Peer recovery syncs data from a primary shard to a new or existing shard copy.
Peer recovery automatically occurs when Elasticsearch:
- Recreates a shard lost during node failure
- Relocates a shard to another node due to a cluster rebalance or changes to the shard allocation settings
You can view a list of in-progress and completed recoveries using the cat recovery API.
(Dynamic) Limits total inbound and outbound recovery traffic for each node. Applies to both peer recoveries as well as snapshot recoveries (i.e., restores from a snapshot). Defaults to
This limit applies to each node separately. If multiple nodes in a cluster perform recoveries at the same time, the cluster’s total recovery traffic may exceed this limit.
If this limit is too high, ongoing recoveries may consume an excess of bandwidth and other resources, which can destabilize the cluster.
This is a dynamic setting, which means you can set it in each node’s
elasticsearch.ymlconfig file and you can update it dynamically using the cluster update settings API. If you set it dynamically then the same limit applies on every node in the cluster. If you do not set it dynamically then you can set a different limit on each node, which is useful if some of your nodes have better bandwidth than others. For example, if you are using Index Lifecycle Management then you may be able to give your hot nodes a higher recovery bandwidth limit than your warm nodes.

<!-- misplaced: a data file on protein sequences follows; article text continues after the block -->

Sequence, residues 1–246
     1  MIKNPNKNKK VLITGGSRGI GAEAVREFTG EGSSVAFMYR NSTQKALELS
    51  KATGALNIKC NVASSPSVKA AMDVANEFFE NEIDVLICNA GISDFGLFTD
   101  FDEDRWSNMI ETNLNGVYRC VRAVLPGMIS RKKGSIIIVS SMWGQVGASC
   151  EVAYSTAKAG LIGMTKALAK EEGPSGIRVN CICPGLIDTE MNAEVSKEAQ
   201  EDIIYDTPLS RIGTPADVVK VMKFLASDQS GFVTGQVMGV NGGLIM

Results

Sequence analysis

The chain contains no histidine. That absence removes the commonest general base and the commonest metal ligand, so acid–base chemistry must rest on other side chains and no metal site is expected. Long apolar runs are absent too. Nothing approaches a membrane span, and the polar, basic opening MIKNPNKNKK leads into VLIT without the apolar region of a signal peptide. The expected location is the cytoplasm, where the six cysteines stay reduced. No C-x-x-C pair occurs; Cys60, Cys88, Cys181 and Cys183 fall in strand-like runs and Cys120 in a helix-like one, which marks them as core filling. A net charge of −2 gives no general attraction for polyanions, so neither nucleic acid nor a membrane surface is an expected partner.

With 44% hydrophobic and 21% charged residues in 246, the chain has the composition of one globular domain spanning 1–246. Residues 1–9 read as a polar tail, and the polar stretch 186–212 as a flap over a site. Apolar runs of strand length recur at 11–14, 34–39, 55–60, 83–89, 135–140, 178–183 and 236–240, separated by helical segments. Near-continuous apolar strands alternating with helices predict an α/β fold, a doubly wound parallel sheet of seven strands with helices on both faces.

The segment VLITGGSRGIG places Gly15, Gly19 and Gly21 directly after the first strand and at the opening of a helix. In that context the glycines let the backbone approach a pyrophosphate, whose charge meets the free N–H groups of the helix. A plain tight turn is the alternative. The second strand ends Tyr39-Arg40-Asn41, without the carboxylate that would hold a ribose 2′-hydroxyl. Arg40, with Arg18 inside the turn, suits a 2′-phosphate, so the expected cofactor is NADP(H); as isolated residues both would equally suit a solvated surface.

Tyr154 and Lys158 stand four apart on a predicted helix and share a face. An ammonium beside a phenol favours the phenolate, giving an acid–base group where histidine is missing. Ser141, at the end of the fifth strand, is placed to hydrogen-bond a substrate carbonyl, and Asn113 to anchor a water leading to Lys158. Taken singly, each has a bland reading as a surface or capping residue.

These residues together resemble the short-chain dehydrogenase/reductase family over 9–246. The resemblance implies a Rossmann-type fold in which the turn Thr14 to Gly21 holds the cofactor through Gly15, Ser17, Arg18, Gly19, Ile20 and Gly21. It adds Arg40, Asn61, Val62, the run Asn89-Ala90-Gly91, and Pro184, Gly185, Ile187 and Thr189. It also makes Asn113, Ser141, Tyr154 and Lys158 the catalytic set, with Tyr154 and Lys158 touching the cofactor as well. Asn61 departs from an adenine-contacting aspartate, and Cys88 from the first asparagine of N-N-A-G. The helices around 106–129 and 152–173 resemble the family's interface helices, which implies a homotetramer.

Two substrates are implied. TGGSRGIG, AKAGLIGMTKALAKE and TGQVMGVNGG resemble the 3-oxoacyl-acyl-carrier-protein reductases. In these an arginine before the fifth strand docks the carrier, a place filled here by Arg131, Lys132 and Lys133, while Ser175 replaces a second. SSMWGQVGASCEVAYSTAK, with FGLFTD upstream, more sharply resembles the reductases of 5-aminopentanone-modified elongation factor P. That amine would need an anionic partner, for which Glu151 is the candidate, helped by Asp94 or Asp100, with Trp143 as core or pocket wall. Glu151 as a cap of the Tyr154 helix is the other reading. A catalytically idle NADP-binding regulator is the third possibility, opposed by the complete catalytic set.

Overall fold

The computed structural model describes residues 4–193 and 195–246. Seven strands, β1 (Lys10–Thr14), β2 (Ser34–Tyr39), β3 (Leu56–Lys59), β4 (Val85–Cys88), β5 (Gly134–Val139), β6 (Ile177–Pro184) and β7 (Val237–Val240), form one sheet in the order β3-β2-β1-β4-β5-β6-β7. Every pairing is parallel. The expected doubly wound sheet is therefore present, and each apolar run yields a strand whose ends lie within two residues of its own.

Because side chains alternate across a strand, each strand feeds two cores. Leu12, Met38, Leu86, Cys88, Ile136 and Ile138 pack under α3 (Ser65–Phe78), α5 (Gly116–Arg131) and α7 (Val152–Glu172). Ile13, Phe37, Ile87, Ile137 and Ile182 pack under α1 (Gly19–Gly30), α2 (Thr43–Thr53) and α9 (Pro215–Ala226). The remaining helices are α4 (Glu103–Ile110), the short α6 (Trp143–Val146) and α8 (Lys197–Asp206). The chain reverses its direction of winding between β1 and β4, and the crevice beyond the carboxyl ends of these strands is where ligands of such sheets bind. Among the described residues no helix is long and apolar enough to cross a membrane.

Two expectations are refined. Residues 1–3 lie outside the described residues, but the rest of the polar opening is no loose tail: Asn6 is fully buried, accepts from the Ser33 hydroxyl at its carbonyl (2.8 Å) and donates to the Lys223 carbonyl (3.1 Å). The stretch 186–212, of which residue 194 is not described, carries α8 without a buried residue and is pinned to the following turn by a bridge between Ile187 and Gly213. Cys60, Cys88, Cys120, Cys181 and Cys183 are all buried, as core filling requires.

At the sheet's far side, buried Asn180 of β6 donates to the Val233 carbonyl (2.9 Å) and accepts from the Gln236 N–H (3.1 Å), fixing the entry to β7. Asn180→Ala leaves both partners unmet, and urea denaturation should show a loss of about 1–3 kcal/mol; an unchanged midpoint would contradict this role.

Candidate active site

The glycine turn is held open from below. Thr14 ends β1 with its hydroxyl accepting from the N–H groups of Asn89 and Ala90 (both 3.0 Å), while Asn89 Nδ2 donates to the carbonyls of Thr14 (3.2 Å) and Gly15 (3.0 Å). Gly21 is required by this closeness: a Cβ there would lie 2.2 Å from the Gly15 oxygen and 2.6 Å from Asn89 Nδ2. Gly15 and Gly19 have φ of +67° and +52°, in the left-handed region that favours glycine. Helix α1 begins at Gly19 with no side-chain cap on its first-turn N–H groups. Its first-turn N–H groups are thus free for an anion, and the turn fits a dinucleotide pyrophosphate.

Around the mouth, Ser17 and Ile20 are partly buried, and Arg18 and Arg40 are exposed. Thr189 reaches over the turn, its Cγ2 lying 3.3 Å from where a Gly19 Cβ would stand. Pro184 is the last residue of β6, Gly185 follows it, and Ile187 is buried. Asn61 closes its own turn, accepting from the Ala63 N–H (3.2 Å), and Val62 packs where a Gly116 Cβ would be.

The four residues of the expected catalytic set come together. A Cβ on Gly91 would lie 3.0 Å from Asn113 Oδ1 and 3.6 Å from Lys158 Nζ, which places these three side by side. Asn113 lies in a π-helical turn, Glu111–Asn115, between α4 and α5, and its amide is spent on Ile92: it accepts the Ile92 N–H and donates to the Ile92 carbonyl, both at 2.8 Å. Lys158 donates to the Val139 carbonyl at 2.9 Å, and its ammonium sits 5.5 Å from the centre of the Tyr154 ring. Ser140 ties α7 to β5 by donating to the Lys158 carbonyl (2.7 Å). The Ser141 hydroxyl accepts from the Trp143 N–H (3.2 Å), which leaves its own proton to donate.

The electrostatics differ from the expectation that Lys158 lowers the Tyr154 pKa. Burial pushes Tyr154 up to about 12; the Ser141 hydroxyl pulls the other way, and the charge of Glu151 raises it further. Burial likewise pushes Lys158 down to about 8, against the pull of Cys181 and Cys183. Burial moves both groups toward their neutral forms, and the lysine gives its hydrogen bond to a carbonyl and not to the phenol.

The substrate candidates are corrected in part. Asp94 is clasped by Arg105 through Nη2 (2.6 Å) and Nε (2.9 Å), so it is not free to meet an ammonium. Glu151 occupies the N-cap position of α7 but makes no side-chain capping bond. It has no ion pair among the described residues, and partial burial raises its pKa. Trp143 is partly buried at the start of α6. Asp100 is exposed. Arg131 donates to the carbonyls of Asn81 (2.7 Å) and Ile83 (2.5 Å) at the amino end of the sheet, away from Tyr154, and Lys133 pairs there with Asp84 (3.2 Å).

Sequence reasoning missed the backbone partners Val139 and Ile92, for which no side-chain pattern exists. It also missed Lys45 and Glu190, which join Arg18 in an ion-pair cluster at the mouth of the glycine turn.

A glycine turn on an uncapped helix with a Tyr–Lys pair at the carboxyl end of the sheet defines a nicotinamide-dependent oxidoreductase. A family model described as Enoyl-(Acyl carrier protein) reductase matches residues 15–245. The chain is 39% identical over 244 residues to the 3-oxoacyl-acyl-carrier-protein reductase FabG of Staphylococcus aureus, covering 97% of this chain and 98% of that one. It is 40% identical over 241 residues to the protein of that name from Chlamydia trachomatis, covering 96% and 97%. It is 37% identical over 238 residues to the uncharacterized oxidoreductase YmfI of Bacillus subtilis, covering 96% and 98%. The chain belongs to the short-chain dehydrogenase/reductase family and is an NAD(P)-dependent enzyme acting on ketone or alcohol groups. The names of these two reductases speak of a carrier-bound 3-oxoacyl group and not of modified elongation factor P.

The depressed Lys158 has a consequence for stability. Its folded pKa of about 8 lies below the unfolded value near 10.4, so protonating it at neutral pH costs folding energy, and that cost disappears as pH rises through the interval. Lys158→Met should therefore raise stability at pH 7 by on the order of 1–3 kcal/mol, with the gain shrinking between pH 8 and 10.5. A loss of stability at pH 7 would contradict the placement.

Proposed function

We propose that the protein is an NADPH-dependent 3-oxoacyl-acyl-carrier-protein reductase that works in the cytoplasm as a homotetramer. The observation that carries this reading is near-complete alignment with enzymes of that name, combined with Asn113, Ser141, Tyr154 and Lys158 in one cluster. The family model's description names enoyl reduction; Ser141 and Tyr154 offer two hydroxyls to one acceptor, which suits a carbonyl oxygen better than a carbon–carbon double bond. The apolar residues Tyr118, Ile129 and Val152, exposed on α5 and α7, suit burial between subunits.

Expert peer recovery settingsedit
You can use the following expert setting to manage resources for peer recoveries.
(Dynamic, Expert) Number of file chunk requests sent in parallel for each recovery. Defaults to
You can increase the value of this setting when the recovery of a single shard is not reaching the traffic limit set by
(Dynamic, Expert) Number of operations sent in parallel for each recovery. Defaults to
Concurrently replaying operations during recovery can be very resource-intensive and may interfere with indexing, search, and other activities in your cluster. Do not increase this setting without carefully verifying that your cluster has the resources available to handle the extra load that will result.